Diamond and Carbon in biology
Carbon is essential to all known living systems, and without it life as we know it could not exist (see alternative biochemistry). The major economic use of carbon other than food and wood is in the form of hydrocarbons, most notably the fossil fuel methane gas and crude oil (petroleum). Crude oil is distilled in refineries by the petrochemical industry to produce gasoline, kerosene, and other products. Cellulose is a natural, carbon-containing polymer produced by plants in the form of wood, cotton, linen, and hemp. Cellulose is used primarily for maintaining structure in plants. Commercially valuable carbon polymers of animal origin include wool, cashmere and silk. Plastics are made from synthetic carbon polymers, often with oxygen and nitrogen atoms included at regular intervals in the main polymer chain. The raw materials for many of these synthetic substances come from crude oil. When combined with nitrogen it forms alkaloids, and with the addition of sulfur also it forms antibiotics, amino acids, and rubber products. With the addition of phosphorus to these other elements, it forms DNA and RNA, the chemical-code carriers of life, and adenosine triphosphate (ATP), the most important energy-transfer molecule in all living cells. While Diamond has been considered for use in several medical applications due to its unique mechanical, chemical, optical, and biological properties. These little gems have a wide range of potential applications in tribology, drug delivery, bioimaging and tissue engineering, and also as protein mimics and a filler material for nanocomposites.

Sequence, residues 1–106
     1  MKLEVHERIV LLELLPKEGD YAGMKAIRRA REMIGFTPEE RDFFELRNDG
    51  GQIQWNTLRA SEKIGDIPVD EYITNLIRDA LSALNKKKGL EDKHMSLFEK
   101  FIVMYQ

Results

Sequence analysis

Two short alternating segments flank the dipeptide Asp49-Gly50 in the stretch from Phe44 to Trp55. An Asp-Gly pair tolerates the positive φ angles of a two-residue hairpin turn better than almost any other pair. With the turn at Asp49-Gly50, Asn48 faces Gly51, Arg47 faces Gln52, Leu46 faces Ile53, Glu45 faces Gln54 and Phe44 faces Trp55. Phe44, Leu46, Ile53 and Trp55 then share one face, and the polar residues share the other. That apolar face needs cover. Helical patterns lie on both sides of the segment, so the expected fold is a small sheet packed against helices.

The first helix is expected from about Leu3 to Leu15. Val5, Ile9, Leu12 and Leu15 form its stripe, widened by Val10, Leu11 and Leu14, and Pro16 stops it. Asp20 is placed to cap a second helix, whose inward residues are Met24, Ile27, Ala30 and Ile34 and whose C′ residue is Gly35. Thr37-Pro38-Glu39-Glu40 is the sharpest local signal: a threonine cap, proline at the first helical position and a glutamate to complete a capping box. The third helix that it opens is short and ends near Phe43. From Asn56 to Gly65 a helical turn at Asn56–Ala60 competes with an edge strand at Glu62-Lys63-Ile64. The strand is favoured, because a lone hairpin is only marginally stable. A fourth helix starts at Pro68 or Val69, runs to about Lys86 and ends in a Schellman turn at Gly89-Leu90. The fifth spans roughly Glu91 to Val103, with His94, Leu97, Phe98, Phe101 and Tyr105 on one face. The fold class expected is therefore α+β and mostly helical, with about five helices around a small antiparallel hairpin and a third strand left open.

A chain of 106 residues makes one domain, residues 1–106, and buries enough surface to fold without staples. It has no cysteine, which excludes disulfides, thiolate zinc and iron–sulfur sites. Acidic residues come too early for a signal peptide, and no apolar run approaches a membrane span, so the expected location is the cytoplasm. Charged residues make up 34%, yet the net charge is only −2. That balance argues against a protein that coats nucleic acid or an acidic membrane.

- Carbon Characteristics
- Organic compounds
- Inorganic compounds
- Diamond and Carbon in biological Labs
- Diamond quantum devices in biology
- Allotropes of carbon